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|Title:||Syntaxin 7 is localized to late endosome compartments, associates with Vamp 8, and is required for late endosome-lysosome fusion|
|Citation:||Molecular Biology of the Cell, 2000; 11(9):3137-3153|
|Publisher:||Amer Soc Cell Biology|
|Barbara M. Mullock, Chez W. Smith, Gudrun Ihrke, Nicholas A. Bright, Margaret Lindsay, Emma J. Parkinson, Doug A. Brooks, Robert G. Parton, David E. James, J. Paul Luzio, and Robert C. Piper|
|Abstract:||Protein traffic from the cell surface or the trans-Golgi network reaches the lysosome via a series of endosomal compartments. One of the last steps in the endocytic pathway is the fusion of late endosomes with lysosomes. This process has been reconstituted in vitro and has been shown to require NSF, alpha and gamma SNAP, and a Rab GTPase based on inhibition by Rab GDI. In Saccharomyces cerevisiae, fusion events to the lysosome-like vacuole are mediated by the syntaxin protein Vam3p, which is localized to the vacuolar membrane. In an effort to identify the molecular machinery that controls fusion events to the lysosome, we searched for mammalian homologues of Vam3p. One such candidate is syntaxin 7. Here we show that syntaxin 7 is concentrated in late endosomes and lysosomes. Coimmunoprecipitation experiments show that syntaxin 7 is associated with the endosomal v-SNARE Vamp 8, which partially colocalizes with syntaxin 7. Importantly, we show that syntaxin 7 is specifically required for the fusion of late endosomes with lysosomes in vitro, resulting in a hybrid organelle. Together, these data identify a SNARE complex that functions in the late endocytic system of animal cells.|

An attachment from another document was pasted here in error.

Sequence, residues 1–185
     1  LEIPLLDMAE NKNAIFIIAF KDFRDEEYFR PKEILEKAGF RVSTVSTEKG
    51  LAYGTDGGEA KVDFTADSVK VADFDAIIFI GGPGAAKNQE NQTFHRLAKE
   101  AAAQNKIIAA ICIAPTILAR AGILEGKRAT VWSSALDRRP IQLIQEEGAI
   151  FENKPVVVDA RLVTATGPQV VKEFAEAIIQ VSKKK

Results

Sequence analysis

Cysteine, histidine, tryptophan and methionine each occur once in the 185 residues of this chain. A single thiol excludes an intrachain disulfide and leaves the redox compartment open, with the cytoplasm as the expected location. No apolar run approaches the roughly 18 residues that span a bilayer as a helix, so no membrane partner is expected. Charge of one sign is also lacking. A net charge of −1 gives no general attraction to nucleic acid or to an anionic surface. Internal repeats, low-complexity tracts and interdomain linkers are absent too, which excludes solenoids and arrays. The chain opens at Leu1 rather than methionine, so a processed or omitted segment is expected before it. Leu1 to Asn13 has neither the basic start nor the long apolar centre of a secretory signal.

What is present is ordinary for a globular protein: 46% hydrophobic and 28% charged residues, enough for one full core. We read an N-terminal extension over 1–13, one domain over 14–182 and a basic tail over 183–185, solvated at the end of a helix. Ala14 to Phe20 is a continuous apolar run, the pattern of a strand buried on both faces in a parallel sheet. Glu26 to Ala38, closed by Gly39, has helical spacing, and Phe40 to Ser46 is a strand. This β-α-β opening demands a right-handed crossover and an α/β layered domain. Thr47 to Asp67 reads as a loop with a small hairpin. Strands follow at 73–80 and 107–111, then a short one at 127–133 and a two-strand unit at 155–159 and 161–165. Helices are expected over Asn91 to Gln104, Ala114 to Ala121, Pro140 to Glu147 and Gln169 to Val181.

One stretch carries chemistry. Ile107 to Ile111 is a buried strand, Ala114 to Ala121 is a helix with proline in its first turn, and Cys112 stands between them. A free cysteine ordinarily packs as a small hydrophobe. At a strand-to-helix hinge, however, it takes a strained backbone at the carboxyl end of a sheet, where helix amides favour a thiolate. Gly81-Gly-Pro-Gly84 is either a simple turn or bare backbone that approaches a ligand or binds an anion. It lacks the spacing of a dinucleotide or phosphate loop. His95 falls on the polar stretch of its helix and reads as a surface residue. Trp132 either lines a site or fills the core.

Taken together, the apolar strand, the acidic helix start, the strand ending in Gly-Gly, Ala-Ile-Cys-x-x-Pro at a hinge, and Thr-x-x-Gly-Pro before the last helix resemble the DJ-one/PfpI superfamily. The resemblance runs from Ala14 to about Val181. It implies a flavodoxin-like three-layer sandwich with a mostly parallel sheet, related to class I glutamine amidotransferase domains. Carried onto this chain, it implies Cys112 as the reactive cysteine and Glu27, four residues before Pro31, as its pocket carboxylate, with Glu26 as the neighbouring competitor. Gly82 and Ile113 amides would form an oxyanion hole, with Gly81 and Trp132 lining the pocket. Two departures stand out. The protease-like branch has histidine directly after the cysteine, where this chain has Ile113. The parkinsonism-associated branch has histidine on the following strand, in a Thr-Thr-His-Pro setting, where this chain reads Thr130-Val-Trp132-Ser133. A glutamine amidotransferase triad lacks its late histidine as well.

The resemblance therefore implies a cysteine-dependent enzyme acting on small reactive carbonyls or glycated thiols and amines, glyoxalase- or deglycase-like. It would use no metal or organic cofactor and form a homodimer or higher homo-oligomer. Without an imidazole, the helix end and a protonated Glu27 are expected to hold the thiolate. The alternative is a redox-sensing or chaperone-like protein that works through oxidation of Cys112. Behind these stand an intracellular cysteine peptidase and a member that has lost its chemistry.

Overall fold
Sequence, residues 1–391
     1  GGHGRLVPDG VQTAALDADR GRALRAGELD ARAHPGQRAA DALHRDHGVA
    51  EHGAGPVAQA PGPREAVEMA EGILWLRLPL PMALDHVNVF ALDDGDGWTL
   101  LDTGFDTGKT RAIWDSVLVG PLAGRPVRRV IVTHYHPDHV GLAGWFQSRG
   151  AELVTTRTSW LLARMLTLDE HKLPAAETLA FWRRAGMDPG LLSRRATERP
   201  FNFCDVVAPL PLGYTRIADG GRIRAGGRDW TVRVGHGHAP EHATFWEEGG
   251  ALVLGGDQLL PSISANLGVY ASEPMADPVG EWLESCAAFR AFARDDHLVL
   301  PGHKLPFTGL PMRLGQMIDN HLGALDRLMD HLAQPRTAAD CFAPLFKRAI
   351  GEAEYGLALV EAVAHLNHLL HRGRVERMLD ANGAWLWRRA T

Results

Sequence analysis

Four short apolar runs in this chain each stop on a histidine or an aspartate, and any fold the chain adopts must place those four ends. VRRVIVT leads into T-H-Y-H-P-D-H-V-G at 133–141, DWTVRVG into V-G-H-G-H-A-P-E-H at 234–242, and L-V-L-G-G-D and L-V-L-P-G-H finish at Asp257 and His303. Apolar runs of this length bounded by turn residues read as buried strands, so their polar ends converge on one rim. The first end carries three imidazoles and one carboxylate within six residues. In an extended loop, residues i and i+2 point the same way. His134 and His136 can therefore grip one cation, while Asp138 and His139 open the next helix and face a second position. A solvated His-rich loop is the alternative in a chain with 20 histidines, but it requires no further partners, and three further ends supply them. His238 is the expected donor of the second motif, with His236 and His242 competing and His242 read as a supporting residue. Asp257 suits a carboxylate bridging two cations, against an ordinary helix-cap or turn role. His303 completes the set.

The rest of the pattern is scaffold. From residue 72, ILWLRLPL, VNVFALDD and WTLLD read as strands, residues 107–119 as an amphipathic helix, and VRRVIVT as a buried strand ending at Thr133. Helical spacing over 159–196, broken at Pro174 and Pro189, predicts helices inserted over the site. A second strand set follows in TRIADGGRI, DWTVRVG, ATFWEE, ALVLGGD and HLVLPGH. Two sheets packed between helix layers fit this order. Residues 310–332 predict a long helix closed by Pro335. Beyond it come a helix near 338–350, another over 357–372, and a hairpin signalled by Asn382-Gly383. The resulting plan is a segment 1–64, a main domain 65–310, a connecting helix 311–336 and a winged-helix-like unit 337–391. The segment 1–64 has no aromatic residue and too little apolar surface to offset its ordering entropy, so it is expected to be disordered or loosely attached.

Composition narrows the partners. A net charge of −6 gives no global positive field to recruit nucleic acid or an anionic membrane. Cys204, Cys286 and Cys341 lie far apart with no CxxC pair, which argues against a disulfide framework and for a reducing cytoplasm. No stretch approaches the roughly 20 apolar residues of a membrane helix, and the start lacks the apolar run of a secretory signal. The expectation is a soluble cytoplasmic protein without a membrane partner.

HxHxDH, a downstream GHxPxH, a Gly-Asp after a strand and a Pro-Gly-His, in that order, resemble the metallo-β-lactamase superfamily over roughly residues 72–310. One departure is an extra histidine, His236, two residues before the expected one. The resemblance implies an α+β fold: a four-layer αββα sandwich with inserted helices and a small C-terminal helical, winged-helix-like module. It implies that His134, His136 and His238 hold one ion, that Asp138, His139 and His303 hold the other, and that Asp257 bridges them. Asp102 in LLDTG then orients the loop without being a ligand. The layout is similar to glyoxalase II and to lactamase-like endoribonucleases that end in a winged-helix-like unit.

|Keywords:||Liver; Kidney; Cell Line; Intracellular Membranes; Endosomes; Lysosomes; trans-Golgi Network; Epithelial Cells; Animals; Dogs; Rats; Saccharomyces cerevisiae; Membrane Proteins; Endocytosis; Membrane Fusion; R-SNARE Proteins; Qa-SNARE Proteins|
|Appears in Collections:||Paediatrics publications|
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